Celia Kitzinger and Gill Loomes-Quinn, 15th June 2021
One year ago today, on 15th June 2020, we launched the Open Justice Court of Protection Project, a child of the pandemic.
It was born of our passionate belief that “publicity is the very soul of justice” at a time when it seemed that the public health emergency was closing down the opportunity for people to observe the court in action.
Before the pandemic
We’d both had the experience of walking into courtrooms to observe hearings as members of the public. Serious medical treatment cases have always been held in public. As part of her work with the Coma and Disorders of Consciousness Research Centre, Celia had previously attended around 20 hearings in which judges made decisions about whether or not to continue life-sustaining treatment for people in vegetative or minimally conscious states. Gill had spent a month of 2017 in London observing hearings in First Avenue House as part of her PhD research – many (like the one she blogged about here) concerning Deprivation of Liberty.
These hearings concern fundamental human rights issues: the right to life, the right to family and private life, the right not to be arbitrarily deprived of liberty. Gill wrote:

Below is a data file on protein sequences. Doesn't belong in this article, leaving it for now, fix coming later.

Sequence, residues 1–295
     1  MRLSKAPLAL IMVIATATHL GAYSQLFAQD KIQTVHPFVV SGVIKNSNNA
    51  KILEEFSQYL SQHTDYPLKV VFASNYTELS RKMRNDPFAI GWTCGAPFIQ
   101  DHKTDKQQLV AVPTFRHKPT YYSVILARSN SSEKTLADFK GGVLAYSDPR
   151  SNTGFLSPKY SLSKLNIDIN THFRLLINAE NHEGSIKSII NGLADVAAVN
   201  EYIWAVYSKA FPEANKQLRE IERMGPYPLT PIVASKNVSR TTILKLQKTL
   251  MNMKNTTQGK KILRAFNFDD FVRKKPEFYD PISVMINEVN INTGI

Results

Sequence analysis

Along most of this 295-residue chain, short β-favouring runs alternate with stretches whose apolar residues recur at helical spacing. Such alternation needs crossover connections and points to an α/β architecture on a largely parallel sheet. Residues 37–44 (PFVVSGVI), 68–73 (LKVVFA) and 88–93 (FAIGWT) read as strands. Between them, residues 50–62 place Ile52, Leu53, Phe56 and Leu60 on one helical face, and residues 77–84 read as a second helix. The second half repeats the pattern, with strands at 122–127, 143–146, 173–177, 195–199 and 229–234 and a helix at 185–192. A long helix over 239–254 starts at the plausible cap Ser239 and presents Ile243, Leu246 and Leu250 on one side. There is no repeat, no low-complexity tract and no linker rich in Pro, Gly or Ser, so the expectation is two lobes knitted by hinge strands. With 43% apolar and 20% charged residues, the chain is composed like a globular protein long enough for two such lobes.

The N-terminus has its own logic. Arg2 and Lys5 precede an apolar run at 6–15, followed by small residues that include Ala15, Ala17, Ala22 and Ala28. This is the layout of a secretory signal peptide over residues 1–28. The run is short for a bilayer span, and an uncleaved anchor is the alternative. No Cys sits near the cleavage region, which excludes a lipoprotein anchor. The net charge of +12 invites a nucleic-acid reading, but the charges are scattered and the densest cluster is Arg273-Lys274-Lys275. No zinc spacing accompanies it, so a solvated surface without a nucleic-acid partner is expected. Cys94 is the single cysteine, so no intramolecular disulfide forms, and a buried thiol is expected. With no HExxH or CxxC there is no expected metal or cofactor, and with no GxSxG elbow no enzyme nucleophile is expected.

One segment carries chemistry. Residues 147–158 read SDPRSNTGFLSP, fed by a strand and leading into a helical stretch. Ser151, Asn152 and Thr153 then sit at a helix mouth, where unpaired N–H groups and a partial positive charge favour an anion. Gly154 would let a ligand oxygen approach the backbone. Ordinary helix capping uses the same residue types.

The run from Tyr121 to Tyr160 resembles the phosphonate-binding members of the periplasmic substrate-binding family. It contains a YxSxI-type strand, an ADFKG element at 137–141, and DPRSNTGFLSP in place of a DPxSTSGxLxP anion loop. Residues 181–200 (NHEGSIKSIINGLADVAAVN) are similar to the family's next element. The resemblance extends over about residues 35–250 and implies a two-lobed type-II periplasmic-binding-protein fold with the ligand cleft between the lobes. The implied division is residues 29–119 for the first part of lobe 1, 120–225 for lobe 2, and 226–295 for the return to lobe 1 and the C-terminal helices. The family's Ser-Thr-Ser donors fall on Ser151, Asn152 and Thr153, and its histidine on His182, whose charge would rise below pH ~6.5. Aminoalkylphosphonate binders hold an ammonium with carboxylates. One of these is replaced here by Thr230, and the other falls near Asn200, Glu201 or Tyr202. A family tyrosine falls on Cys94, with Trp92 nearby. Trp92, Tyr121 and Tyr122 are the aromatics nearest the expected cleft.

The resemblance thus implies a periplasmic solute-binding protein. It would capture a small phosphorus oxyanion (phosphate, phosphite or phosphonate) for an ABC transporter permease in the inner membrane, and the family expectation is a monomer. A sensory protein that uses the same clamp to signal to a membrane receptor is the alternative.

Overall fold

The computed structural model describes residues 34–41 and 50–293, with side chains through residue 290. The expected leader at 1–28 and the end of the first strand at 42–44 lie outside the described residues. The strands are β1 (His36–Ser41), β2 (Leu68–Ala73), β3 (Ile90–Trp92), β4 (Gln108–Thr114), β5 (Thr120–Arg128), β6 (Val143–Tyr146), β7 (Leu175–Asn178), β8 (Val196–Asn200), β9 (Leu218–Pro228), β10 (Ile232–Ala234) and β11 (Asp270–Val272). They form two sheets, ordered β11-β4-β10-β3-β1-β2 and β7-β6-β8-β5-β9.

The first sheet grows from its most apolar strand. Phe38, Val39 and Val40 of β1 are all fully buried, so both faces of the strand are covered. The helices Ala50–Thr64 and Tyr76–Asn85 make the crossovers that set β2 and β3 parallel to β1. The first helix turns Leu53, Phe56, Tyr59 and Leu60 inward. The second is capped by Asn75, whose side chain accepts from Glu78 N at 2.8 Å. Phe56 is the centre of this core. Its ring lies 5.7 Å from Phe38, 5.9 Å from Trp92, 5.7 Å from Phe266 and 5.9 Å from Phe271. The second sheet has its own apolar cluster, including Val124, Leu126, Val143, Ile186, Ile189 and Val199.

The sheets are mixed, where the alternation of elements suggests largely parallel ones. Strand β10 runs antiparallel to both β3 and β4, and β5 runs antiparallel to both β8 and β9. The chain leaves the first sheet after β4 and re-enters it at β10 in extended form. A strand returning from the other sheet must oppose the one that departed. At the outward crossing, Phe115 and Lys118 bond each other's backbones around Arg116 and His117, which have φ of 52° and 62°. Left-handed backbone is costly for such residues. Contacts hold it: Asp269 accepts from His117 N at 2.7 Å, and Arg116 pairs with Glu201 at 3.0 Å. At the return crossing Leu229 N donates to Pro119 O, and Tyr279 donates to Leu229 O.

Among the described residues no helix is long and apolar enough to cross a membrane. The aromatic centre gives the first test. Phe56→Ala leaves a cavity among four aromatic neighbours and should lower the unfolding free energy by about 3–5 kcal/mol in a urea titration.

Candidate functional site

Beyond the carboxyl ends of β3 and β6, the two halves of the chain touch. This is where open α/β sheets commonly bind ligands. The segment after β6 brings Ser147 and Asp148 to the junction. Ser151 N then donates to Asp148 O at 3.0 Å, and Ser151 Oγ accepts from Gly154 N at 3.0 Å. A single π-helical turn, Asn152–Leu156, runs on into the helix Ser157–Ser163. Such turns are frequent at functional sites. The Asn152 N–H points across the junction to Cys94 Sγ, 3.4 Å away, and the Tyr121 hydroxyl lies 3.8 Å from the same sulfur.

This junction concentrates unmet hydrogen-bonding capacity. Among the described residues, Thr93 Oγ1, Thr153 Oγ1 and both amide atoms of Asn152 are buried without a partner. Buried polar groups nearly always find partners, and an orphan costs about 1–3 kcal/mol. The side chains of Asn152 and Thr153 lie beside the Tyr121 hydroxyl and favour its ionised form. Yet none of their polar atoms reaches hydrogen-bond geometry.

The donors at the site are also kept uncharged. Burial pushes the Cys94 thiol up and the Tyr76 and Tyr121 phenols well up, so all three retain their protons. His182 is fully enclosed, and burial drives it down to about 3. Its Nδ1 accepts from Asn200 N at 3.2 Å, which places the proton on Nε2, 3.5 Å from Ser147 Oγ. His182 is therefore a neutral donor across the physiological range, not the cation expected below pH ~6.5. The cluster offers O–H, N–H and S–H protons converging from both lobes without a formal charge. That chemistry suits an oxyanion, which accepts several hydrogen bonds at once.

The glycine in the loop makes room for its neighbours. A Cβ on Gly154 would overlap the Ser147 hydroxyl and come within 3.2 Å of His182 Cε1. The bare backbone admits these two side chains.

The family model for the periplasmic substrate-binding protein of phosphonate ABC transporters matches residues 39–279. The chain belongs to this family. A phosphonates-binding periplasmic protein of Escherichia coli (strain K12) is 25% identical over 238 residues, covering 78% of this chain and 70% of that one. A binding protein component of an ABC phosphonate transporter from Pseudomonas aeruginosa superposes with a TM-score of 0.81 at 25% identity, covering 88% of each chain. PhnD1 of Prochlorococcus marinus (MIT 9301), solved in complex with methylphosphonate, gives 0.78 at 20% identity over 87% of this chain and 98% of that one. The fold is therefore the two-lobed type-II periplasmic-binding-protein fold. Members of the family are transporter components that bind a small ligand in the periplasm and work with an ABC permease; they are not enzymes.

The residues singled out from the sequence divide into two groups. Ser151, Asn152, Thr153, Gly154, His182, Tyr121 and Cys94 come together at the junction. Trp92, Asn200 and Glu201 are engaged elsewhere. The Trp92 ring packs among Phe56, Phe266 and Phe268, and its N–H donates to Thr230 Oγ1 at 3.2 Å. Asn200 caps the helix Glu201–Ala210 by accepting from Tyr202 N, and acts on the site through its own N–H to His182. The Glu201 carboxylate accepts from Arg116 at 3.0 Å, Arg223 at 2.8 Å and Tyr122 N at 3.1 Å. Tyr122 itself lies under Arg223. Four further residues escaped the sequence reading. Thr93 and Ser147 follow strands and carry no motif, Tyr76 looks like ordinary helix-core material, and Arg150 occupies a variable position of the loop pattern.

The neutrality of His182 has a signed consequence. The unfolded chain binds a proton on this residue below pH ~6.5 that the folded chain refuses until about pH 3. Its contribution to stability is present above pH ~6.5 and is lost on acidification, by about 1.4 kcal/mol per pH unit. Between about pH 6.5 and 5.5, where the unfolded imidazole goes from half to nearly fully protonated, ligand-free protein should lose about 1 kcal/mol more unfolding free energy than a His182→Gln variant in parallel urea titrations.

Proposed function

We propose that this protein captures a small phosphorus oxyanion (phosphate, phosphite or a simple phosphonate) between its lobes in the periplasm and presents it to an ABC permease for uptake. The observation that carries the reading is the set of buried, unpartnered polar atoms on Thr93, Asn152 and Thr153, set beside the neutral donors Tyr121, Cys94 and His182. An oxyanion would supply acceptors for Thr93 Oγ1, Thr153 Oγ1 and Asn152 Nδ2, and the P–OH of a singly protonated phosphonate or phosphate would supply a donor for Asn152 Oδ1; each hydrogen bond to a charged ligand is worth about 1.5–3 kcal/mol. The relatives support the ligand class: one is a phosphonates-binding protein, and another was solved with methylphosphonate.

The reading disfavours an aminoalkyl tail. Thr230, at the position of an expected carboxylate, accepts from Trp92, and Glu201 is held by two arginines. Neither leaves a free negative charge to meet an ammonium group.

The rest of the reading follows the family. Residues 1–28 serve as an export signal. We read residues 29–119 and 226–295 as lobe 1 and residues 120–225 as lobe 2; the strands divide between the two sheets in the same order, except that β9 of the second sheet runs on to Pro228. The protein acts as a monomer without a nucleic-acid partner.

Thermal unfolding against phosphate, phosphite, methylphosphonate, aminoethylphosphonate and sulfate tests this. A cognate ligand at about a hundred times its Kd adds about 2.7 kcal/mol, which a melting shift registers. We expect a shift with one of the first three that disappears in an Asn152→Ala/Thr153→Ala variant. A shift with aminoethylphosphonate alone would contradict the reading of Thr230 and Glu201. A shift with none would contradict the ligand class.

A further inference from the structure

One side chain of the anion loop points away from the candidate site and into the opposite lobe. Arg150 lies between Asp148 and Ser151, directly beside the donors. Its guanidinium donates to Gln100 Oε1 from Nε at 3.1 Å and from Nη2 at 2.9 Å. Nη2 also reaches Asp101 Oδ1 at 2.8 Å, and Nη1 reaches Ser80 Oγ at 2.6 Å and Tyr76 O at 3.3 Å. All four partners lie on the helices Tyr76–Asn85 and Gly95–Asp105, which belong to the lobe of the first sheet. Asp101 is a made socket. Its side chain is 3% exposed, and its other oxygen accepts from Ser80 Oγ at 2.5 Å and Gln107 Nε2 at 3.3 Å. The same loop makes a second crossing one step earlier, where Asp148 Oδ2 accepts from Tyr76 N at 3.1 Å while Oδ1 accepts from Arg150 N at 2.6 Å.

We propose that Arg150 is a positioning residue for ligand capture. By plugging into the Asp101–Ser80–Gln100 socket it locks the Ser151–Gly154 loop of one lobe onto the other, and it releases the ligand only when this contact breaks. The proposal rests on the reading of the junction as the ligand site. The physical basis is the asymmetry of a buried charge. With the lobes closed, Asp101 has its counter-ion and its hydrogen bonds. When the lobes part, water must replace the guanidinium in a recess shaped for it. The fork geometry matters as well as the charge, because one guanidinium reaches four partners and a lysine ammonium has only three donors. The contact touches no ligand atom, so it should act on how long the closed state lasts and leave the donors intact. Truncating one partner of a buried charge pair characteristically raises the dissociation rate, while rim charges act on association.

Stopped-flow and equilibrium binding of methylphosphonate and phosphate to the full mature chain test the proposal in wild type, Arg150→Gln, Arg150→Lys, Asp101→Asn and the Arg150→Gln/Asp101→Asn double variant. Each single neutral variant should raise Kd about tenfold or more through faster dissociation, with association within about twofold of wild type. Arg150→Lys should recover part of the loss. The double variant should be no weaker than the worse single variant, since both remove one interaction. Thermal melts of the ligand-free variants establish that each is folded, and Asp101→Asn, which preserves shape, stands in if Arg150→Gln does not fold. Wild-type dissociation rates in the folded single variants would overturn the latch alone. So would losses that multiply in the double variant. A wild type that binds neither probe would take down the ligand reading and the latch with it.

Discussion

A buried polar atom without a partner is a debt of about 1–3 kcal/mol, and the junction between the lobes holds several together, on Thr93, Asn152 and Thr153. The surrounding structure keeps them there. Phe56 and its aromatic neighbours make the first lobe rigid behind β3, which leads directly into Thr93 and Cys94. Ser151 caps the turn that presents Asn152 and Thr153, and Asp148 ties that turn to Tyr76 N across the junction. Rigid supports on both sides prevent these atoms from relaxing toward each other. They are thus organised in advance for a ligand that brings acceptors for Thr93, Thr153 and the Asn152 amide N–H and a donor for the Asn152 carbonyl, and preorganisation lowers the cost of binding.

“For disability rights activists, the transparency agenda affords us new opportunities to strengthen and inform our activism. So much of our experience of oppression – of discrimination, and of bureaucratic intransigence – happens behind the closed doors of doctors’ consulting rooms, or of local government offices. But here, in the Court of Protection, it is played out before the authority of the court, and now, before us – the public. Shining a light on collective injustice might be the first stage to challenging and changing it – if we can seize the opportunity.”
Before the pandemic we had found the doors of the Court of Protection wide open, and now it seemed they would be closing again.
Closing the courtroom doors
On 23rd March 2020, after the Prime Minister’s address to the nation, the Lord Chief Justice announced that (with urgent exceptions) “no hearings that require people to attend are to take place in any County or Family Court until further notice”.
On 31st March 2020, Mr Justice Hayden reiterated that guidance for the Court of Protection and published a protocol for remote hearings (via phone or video-link). The template order states they “shall take place in private” and any previous transparency order (permitting public access) “shall be disapplied”.
For remote hearings, Mr Justice Hayden considered the court rule making hearings public by default (Practice Direction 4C) to be “unworkable”. He considered that the right to freedom of information could lawfully be restricted in this way since it was necessary for the protection of public health (Article 10(2)).